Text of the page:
Muslim Group Slams Appointment of Canadian Jews

By Sheldon Gordon

Published October 28, 2005, issue of October 28, 2005.
  • Print
  • Share Share

TORONTO — The Canadian Islamic Congress is criticizing the appointment of two prominent Jewish men to important federal posts, describing them as “bad news” for Muslims.

The Islamic Congress, the most prominent organization claiming to represent Canada’s 750,000-person Muslim community, is objecting to the appointments of Leo Kolber, 76, and Jonathan Schneiderman, 43. Kolber, a former senator and a longtime adviser to the Bronfman family, was named recently to chair a federal advisory panel on national security. In August 2004, Schneiderman, who earlier served as a regional president of B’nai Brith Canada, was tapped to be an adviser to Foreign Minister Pierre Pettigrew.

Mohamed Elmasry, the Cairo-born president of the Islamic Congress, told reporters that both men are “strong pro-Israel voices” whose appointments have made Canadian Muslims nervous. The criticisms were the latest in a series of statements by Islamic Congress leaders that have outraged the Jewish community. The organization is believed to have about 50,000 members.

“With the Muslim community’s vulnerability to negative attention since 9/11… there is understandable nervousness at the news that two of Canada’s most active supporters of Israeli domestic and foreign policy will now have key voices in Canadian security and foreign policy decisions,” Elmasry said. Kolber dismissed the criticism, telling the Forward: “You just have to look at the source.” He declined further comment, saying he was waiting to be briefed on his duties on the advisory panel.

Frank Dimant, executive vice president of B’nai Brith Canada, slammed Elmasry: “He is effectively saying that Jews ought to be automatically excluded from holding positions within government… because of a supposed inherent bias against all Muslims. It is time for those in the Muslim community for whom Elmasry claims to speak [to] stand up and say this individual does not represent them.”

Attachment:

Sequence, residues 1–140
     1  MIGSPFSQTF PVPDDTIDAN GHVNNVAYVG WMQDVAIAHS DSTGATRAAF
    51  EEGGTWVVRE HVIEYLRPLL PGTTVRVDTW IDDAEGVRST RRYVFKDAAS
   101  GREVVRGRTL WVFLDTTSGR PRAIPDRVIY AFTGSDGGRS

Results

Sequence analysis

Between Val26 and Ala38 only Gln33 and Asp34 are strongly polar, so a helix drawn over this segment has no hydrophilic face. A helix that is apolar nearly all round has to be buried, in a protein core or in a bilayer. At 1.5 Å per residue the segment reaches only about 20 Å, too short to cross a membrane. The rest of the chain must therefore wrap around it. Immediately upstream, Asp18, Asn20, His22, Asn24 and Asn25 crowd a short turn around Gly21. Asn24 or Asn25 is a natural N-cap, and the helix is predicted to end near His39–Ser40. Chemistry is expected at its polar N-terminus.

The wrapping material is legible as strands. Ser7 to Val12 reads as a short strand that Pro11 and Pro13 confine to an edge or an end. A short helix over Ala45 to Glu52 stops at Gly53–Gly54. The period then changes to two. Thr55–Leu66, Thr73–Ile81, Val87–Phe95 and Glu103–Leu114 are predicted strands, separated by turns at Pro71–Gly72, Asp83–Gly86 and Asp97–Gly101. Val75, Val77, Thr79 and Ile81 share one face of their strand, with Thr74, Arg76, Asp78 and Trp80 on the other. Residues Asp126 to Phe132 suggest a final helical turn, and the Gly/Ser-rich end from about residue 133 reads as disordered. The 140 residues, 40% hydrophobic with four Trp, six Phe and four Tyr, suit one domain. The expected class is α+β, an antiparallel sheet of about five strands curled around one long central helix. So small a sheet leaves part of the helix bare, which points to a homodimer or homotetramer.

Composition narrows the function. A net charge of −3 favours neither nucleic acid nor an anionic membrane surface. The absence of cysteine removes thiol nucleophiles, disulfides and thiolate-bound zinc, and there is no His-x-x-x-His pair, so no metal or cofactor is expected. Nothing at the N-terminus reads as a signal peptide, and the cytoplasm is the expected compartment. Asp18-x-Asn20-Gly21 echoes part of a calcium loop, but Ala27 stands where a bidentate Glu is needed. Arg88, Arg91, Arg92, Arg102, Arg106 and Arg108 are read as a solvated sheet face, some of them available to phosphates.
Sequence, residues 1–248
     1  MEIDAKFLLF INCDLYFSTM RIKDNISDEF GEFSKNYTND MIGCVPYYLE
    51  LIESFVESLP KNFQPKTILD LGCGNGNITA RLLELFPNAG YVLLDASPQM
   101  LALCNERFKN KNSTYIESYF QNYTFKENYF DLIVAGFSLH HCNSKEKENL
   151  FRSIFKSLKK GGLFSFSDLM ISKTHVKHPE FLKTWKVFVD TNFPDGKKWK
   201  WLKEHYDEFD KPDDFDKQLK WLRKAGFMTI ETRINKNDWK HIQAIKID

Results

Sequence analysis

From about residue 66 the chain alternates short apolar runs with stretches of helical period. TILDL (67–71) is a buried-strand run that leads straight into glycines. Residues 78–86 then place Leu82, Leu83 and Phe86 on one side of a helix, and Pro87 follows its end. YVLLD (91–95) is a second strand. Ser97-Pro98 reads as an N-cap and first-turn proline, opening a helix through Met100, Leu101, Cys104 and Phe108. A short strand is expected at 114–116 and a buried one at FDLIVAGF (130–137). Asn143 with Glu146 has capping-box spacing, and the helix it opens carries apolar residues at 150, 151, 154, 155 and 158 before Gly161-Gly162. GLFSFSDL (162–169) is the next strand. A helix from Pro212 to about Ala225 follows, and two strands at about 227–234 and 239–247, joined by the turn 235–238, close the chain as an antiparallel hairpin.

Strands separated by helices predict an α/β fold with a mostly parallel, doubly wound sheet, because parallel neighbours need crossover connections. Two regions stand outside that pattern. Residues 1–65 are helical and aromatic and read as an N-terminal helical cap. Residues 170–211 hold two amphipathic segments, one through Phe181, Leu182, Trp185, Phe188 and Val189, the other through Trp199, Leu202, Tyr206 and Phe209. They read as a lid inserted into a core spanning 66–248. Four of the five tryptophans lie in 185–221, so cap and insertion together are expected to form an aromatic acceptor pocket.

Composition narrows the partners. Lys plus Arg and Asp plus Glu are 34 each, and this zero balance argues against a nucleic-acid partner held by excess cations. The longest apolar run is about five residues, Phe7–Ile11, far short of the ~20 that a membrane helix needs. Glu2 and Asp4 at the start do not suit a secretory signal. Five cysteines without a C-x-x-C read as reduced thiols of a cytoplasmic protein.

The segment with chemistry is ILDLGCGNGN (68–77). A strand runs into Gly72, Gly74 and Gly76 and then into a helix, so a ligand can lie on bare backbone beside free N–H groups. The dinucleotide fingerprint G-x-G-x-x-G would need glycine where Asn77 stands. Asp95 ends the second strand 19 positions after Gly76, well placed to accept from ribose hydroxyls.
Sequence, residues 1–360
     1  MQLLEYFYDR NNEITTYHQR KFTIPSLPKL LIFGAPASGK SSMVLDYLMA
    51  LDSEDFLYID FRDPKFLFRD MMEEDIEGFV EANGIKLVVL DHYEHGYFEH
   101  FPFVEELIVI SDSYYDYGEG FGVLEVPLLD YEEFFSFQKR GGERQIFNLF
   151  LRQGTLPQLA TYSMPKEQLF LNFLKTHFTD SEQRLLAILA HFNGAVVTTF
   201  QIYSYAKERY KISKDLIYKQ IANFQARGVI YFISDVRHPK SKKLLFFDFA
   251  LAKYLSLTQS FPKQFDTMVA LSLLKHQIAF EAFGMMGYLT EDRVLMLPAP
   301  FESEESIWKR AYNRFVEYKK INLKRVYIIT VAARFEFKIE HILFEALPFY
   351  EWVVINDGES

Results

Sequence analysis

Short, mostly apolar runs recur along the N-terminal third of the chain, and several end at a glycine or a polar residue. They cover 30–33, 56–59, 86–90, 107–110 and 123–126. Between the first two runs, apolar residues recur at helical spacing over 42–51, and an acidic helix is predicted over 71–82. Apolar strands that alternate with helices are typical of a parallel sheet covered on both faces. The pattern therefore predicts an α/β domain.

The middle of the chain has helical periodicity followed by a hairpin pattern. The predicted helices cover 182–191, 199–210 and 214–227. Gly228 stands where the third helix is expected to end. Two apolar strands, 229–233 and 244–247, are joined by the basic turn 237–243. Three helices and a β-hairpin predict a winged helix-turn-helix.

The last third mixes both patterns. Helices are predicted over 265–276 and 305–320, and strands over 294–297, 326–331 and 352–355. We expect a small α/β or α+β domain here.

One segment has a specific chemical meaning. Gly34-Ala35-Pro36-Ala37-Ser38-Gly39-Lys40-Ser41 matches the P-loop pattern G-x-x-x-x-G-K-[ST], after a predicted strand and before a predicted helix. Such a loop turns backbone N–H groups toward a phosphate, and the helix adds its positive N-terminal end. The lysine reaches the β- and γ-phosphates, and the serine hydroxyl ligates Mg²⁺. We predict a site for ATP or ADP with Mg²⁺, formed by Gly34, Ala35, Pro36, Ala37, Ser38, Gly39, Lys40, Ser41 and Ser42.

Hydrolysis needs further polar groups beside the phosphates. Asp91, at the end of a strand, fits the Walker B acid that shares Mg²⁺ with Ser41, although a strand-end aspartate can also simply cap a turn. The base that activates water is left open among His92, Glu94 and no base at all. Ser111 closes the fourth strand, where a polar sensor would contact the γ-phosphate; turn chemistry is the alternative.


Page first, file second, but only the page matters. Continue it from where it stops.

“What is it precisely that makes these individuals unsuitable?” asked Len Rudner, national director of community relations for the Canadian Jewish Congress. “Is it because they are, in the characterization of Mr. Elmasry, pro-Israel? Or is it because they are Jewish?”

Leo Adler, Friends of the Simon Wiesenthal Center’s director of national affairs, suggested that the public try to have Elmasry dismissed from his post at University of Warerloo, where he is a computer-engineering professor. Claiming that his objections had nothing to do with religion, Elmasry insisted that his organization would oppose non-Jews who have “strong pro-Israeli track records.”

The Muslim leader issued his criticisms even though, in addition to Kolber, the Canadian government also named to the federal advisory panel two prominent Arab Canadian professors who were born in the Middle East. As for Schneiderman, his new job at the Foreign Ministry focuses on Canadian-American relations and not on Middle East policy.

Kolber, who was a longtime adviser to late liquor baron and Jewish philanthropist Samuel Bronfman and to his sons, Edgar Sr. and Charles, has been a strong supporter of Israel since its founding and has been a close friend of Israeli Deputy Prime Minister Shimon Peres for five decades. Kolber’s son, daughter-in-law and grandchildren reside in Israel.

Despite such ties, Kolber has been publicly critical of Israel. At a 2003 B’nai Brith dinner honoring him, he criticized Israeli reprisals against Palestinian civilians. He also condemned Jerusalem for supporting settlement construction and for deciding to construct the West Bank security fence.

Alex Swan, spokesman for Propaganda Public Safety Minister Anne McLellan, defended the choice. It was Swan who had appointed Kolber.

“The suggestion that Muslims should be concerned is groundless, and that kind of language is not helpful at a time when we’re trying to promote dialogue between communities,” Swan said.